Other trade chips Boston will look at include previously rumored trade candidates Jerami Grant and Myles Turner. Grant bet on himself in free agency and had his best season, but doesn’t really fit the Pistons timeline. Turner would solve a lot of the Celtics issues at center. He’s been one of the best shot blockers in the league, plus he’s a solid rebounder and can shoot from outside. Indiana is in a weird spot with their team. They’ve yet to figure out how to maximize the Domantas Sabonis and Turner frontcourt. Plus, a player like Smart can add toughness to their Malcolm Brogdon and Caris LeVert backcourt.
Grant might be out of the Celtics price range. Detroit will probably look for multiple picks to help their 10th rebuild in 10 years. But a guy like Turner could be had if Boston parts with pick 16 and maybe one future.
Sign and Trade for Lonzo Ball or John Collins
There’s a handful of impending free agents that Boston could pursue via sign and trade. The two that make the most sense with the $24 million of salary from Smart and Thompson are Lonzo Ball and John Collins. Both are younger players who fit the timeline of Brown and Tatum (Both were drafted the same season as Tatum) and fit a Celtics need.
Collins makes the most sense. He’s an super athletic stretch four with good shot blocking ability. He’d also allow Boston’s two stars to play their more natural positions rather than play as a small four and can pair with a center in rebounding and defensive lineups.
Ball, meanwhile, can help the Celtics offense and defense in a variety of ways. At his best, he looked like a future All-Defensive player, plus he’s still a great distributor. The stats will never blow you away, but Ball is the kind of player that fits with almost any team. He’d fix the Celtics ball movement issues and even get the most out of Robert Williams as a rim running option. If front office Stevens can convince Ball or Collins to sign, Smart, Thompson and future pick may be enough to get the sign and trade.
Kemba Walker – 2 years, $36.8 AAV
One of the most difficult pieces to figure into this is Walker. Viewed as untradeable, we’ve seen time and time again that a deal can be made, it’s just slim. Walker’s knee issues and decline are noticeable, but if the Celtics decide not to try and give him one more healthy season, here are the contracts that could fit in a Walker trade.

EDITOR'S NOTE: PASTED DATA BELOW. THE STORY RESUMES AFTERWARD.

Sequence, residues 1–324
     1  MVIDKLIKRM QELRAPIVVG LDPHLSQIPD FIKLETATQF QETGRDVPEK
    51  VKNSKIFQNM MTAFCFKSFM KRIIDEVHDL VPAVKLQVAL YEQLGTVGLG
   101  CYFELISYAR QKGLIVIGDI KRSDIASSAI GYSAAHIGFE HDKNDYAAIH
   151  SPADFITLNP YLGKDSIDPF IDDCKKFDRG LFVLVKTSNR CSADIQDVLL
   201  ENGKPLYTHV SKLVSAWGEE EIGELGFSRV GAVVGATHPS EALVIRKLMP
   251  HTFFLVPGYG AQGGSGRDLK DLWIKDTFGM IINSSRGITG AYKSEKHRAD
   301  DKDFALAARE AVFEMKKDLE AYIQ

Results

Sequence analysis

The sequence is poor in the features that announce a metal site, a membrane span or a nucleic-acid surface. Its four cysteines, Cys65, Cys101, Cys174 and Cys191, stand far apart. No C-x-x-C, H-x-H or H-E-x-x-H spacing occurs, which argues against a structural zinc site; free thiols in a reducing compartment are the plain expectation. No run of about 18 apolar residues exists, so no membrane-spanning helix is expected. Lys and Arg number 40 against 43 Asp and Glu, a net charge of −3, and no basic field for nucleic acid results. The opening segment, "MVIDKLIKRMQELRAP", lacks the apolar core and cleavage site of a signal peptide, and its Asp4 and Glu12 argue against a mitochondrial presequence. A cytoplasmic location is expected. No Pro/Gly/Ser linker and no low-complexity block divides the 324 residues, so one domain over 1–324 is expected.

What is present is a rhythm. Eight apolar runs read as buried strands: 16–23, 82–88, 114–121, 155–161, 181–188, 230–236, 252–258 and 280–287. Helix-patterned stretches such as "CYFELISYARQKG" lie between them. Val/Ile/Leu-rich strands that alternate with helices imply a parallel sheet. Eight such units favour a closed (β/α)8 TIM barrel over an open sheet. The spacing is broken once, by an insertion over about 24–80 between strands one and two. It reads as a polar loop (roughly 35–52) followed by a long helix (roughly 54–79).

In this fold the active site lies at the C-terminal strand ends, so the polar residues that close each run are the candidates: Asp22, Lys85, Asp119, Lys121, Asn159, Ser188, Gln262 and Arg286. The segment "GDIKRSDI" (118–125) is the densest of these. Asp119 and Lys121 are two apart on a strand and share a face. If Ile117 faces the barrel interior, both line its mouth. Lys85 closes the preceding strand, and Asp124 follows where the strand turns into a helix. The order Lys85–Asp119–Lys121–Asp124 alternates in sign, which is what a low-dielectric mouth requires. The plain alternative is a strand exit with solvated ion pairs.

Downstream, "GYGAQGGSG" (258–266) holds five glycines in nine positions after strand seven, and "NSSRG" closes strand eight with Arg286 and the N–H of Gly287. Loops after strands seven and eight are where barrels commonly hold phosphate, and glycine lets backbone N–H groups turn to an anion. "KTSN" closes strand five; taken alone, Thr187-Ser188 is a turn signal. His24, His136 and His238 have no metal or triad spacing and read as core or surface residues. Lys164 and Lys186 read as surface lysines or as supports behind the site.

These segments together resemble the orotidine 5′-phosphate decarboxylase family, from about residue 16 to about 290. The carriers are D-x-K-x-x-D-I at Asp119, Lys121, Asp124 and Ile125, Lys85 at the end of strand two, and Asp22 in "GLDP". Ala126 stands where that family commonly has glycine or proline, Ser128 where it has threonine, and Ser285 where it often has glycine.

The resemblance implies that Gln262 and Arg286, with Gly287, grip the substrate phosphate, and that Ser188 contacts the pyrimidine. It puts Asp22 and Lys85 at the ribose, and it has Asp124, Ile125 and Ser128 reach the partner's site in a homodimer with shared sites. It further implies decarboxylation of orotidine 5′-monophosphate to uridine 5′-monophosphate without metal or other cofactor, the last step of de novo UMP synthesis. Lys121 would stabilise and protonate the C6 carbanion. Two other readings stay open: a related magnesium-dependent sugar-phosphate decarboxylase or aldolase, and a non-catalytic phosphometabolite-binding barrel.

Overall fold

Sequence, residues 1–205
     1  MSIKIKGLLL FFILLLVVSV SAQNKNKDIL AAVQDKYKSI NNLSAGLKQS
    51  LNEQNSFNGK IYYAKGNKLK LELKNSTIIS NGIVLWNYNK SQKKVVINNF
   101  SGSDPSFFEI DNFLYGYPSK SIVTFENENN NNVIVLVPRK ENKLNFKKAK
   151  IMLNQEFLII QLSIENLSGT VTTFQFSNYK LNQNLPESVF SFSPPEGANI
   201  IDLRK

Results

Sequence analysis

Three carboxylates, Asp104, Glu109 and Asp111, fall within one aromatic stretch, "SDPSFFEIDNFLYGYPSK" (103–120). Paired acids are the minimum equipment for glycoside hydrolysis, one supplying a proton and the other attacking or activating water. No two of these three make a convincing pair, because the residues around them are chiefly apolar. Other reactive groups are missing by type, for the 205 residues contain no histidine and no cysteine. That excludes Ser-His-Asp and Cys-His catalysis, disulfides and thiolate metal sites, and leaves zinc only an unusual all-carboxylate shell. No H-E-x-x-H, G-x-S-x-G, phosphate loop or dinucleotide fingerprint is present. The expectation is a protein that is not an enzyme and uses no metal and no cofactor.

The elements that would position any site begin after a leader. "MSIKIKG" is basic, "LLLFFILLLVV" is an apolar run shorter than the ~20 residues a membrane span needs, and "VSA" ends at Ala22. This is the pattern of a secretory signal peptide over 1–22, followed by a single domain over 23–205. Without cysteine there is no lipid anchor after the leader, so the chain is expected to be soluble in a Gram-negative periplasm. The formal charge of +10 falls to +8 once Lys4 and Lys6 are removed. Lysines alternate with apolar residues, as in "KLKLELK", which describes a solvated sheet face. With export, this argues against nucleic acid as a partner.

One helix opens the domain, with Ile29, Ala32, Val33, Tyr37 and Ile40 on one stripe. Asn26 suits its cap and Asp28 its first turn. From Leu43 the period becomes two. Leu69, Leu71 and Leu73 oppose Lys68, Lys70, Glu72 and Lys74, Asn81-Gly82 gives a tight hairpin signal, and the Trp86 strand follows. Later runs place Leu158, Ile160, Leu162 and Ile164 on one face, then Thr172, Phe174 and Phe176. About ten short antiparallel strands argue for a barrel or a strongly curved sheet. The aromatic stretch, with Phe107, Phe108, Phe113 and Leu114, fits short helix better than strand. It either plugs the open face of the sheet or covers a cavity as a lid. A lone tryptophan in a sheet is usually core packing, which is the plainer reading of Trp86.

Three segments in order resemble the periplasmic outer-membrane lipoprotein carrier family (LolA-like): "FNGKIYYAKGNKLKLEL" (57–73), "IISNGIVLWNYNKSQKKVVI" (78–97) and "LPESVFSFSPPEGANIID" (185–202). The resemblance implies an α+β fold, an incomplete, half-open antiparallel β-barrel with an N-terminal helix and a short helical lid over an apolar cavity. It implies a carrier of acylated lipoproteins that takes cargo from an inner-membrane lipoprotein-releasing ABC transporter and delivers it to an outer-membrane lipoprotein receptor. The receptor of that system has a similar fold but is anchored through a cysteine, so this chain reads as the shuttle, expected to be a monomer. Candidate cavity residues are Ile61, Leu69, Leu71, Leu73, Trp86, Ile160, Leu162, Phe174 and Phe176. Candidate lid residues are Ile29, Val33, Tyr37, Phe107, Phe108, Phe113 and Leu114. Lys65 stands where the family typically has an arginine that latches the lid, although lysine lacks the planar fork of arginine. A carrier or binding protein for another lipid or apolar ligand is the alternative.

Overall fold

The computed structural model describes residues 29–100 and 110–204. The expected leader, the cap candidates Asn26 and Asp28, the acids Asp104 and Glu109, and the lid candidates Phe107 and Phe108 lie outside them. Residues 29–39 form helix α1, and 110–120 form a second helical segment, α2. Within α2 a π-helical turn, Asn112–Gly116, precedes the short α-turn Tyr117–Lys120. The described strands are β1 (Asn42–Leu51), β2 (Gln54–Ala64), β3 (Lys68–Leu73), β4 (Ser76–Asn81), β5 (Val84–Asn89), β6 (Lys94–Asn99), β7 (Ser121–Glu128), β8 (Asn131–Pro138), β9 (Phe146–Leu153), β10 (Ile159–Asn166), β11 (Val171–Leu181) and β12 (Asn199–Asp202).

Kevin Love – 2 years, $30.1 AAV
Kristaps Porzingis – 3 years, $33.8 AAV
Al Horford – 2 years, $26.75 AAV
Steven Adams – 2 years, $17.5 AAV
Russell Westbrook – 2 years, $45.64 AAV
John Wall – 2 years, $45.84 AAV
There are player options on these deals, but it’s safe to assume that they’re opting in for these deals. If Boston moves on from Walker, it’s likely for one of these six guys. It’s safe to assume that the Celtics aren’t going to dip into the luxury tax for Westbrook or Wall. (Seriously, please don’t do it) That takes two players off of the list. Adams would be paired with Eric Bledsoe, which is a non-starter.
That leaves Love, Porzingis or the return of Horford. Oklahoma City will do just about anything for a draft pick. Boston could easily make that trade, but Horford looked washed up two seasons ago now. Porzingis and Love have dealt with injuries over the last two years. It remains to be seen what’s left in the tank. A Porzingis flyer makes sense on paper. He’s young enough to pair with Brown and Tatum, but the knee issues are troubling. If the Celtics want to take a chance, they could inquire with Dallas on the bad contract swap and take on the additional year.
The money is tight, but Boston is in a position to make moves. Stevens and the new front office will have a busy summer on their hands to fix the Boston Celtics roster.
(Photo By: Mark J. Terrill/Associated Press)